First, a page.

Original Source: (Barack Obama "Hope" poster originally by Shepard Fairey. == Licensing == {{Non-free use rationale | Description = Obama "Hope" poster. | Source = Campaign. | Article = Barack Obama "HOPE" poster

This is a not for profit article arguing against the AP’s attack of Shepard Fairey for his not for profit use of an AP photographic image that was significantly altered in order to produce the HOPE poster.

Saturday, October 17, 2009

Cape May Diamonds

My partner and I often traveled to Cape May, New Jersey from Lancaster, Pennsylvania before we found Rehoboth Beach, Delaware was closer.  We still occasionally take the Cape May, Lewes Ferry across Delaware Bay to visit Cape May.  Among the many attractions there - wonderful old Victorian beach architecture, the beaches, restaurants, and the tip of the cape itself - are these Cape May Diamonds.  They are smooth, round quartz stones of many hues that have washed down the Delaware River from New York, New Jersey and Pennsylvania mountains finally to be deposited on Cape May beaches.  We have collected boxes of these over the years, and I have soap dishes filled with them in our bathrooms.  Last week I had a long distance conversation with a Facebook friend, that involved the stones, and I promised to put this 1990’s pastel drawing of the stones on Facebook.  And, lazy me, I  thought, why shouldn't it be here as well.  The pastel drawing is 24” by 32” though the stones are really quite small.  They are perfect set in jewelry, and many local craft persons create jewelry using them.

Monday, October 12, 2009

Art Practice as a Form of Meditation

Japanese calligraphers and artists see their work as part of a life unifying force that includes their art practice, and meditation.

I know that I have a special God given talent, though I’m not a Picasso.  However, I have no talent for placing the product of that talent in the public eye.  I’m not good at being in the right place at the right time, and I don’t always play well with others.  I’m not good at strategy, though I find life to be a bit like a chess game.  I don’t mean to be difficult, but I am sometimes.  I’m not mysterious, and I don’t have a gimmick.  My personality isn’t scintillating, though I’ve been accused of approaching gallery owners with too much of it. Thus, I have found operating in the Art World to be difficult.  Though I almost had my 15 minutes of fame, I never have been quite able to pull the entire package together.  Sometimes I allow myself to dwell on that lack of charismatic magnetism and importance to my contemporaries in the art world, and then I become congested, depressed and blocked.  It has been frustrating to say the least, and I must be vigilant in order to prevent playing the part of the victim.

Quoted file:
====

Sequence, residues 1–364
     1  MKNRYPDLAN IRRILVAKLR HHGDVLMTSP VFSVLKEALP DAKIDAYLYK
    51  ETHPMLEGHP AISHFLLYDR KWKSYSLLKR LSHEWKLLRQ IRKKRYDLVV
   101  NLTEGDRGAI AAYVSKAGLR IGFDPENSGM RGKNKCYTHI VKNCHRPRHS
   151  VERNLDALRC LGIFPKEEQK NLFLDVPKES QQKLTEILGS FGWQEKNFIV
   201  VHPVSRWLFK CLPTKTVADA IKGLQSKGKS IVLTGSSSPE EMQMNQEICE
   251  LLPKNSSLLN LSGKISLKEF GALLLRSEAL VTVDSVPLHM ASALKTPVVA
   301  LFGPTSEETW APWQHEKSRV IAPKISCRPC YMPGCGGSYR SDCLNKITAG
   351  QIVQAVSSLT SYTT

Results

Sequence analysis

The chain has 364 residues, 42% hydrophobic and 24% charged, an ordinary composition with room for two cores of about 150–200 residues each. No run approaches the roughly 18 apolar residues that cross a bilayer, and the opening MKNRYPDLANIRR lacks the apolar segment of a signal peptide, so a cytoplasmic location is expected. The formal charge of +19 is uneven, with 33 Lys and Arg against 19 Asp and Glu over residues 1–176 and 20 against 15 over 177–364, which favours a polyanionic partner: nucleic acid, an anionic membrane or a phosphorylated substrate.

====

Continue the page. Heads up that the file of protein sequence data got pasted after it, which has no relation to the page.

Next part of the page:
Never the less, on a good day - when the color flows smoothly, I solve drawing problems efficiently, and the connections between brain, arm fingers and the various tools are strong and sound – the Art World, indeed the entire world goes away, and I am suspended in time and space.  In short, working becomes like praying.  I believe my best pastels though thoroughly couched in realism convey that sense of peace and almost other-worldliness.  The montages on the other hand are so tied up in the issues of this life and world that they do not speak of any prayer.  Never the less, I do meditate while creating them, whether I want to or not, and hours can be lost in peaceful manipulation of color shape and form in that other space that my computer provides.  So, my work in the studio is special.  It provides the locus for simultaneously shedding the concerns of this world and for rebirth.  No, not only special, but hallowed because it is a gift from God.